A new Victoria move to provide palliative care to the poor and homeless will take medical care directly to the patients, whether it’s in a car, tent or one-room apartment.
The initiative unveiled Thursday is a collaboration between the University of Victoria, Island Health, Victoria Cool Aid and Victoria Hospice Societies. It has provided support following three deaths and currently has seven patients.
It’s called PORT, for Palliative Outreach Resource Team, and employs a nurse three days a week and a physician one day a week to make house calls, wherever they may be.
“We provide and facilitate care for people where they are at, whether that’s on the street, supported housing, a motel, a car or a tent,” PORT nurse Katie Leahy told reporters.
PORT arose out of a three-year UVic research program that followed 25 people living homeless or barely housed while they dealt with life-threatening medical conditions.
UVic nursing professor and lead investigator Kelli Stajduhar said the research showed poor or marginalized people struggle to deal with support systems, such as housing assistance, health care and social support.
If a marginalized person is also dealing with a terminal medical condition the ability to access those systems deteriorates as the condition worsens. “They struggle to access services in a system that is so silent that even a healthy person has difficulties navigating it,” said Stajduhar, a 30-year palliative care specialist.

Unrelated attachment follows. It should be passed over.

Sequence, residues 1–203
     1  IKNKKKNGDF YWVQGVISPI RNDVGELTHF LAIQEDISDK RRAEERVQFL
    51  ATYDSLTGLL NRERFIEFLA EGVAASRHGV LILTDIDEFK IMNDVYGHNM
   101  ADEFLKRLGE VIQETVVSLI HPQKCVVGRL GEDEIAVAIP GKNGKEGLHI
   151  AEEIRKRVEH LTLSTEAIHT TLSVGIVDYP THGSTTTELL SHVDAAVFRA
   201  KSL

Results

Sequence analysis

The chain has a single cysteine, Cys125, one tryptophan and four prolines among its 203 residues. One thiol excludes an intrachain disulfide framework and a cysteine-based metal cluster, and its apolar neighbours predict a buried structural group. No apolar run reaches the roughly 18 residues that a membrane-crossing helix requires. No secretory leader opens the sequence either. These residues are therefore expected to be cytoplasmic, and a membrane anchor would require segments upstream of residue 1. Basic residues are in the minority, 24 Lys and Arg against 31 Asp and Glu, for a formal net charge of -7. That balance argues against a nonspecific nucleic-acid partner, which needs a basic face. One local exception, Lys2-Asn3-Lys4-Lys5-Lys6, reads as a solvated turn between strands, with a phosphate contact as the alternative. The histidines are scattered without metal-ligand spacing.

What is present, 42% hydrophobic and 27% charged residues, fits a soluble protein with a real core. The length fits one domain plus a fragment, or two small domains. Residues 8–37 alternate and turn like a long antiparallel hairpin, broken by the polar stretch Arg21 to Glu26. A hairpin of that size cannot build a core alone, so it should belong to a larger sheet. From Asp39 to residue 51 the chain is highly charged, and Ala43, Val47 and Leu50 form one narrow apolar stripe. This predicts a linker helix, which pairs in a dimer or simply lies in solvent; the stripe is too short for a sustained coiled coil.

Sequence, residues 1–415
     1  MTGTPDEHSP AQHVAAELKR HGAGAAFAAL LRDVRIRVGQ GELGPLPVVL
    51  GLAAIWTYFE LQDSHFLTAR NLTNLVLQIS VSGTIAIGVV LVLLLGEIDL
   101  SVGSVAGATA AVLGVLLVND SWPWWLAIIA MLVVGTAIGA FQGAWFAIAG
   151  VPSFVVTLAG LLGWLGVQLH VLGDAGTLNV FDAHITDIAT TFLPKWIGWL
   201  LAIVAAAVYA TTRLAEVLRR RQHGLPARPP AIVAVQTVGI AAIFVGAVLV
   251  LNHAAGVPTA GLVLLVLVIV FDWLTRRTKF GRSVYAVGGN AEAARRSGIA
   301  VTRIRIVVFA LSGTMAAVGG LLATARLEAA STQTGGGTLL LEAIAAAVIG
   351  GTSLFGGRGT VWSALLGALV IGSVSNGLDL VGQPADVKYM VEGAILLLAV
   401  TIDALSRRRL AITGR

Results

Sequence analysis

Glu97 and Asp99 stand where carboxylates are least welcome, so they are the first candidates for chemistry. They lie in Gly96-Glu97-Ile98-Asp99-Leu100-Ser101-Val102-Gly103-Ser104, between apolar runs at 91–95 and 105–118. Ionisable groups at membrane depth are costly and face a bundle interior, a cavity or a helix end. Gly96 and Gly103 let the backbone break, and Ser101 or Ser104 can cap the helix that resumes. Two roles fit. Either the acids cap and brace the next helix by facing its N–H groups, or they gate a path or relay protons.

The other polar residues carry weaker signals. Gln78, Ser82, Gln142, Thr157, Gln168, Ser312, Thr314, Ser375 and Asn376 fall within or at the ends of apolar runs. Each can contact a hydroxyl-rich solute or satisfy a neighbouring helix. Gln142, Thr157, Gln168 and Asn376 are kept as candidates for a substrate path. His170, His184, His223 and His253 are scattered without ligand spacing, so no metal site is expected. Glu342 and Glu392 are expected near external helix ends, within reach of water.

But research also shows the sooner people start thinking and preparing for the end of their lives the better the successes of palliative medical treatments.
Stajduhar said during her research some of the palliative patients even told her their end-of-life treatment was the first time they felt “cared for, respected or even loved.” She said everybody deserves that.
“Palliative care should really be as important for dying Canadians as prenatal and obstetric care is for newborns,” said Stajduhar.
PORT will be funded during its first year by Island Health and the Saint Elizabeth Health Community, an organization with a focus on end-of-life care for marginalized people.
Stajduhar said one of the biggest challenges in offering end-of-life care to people living on the street is separating palliative patients when the entire population is at imminent risk of dying.
It’s risk made even more acute by the opioid crisis. “People who are affected by homelessness or poverty or stigma, they have much shorter life expectancies and their disease burden is higher than the general population,” said Stajduhar.
“The PORT team can’t provide care for everybody,” she said.
So Stajduhar said the team starts with a conversation to learn who might best benefit from palliative medical care.
For those who aren’t palliative patients, other assistance or guidance or assistance is offered.
“We are not going to say: ‘No, sorry, close the door,’ ” said Stajduhar.
“It’s more like ‘Maybe you don’t have palliative needs right now but there are services that we can help you access,’ ” she said.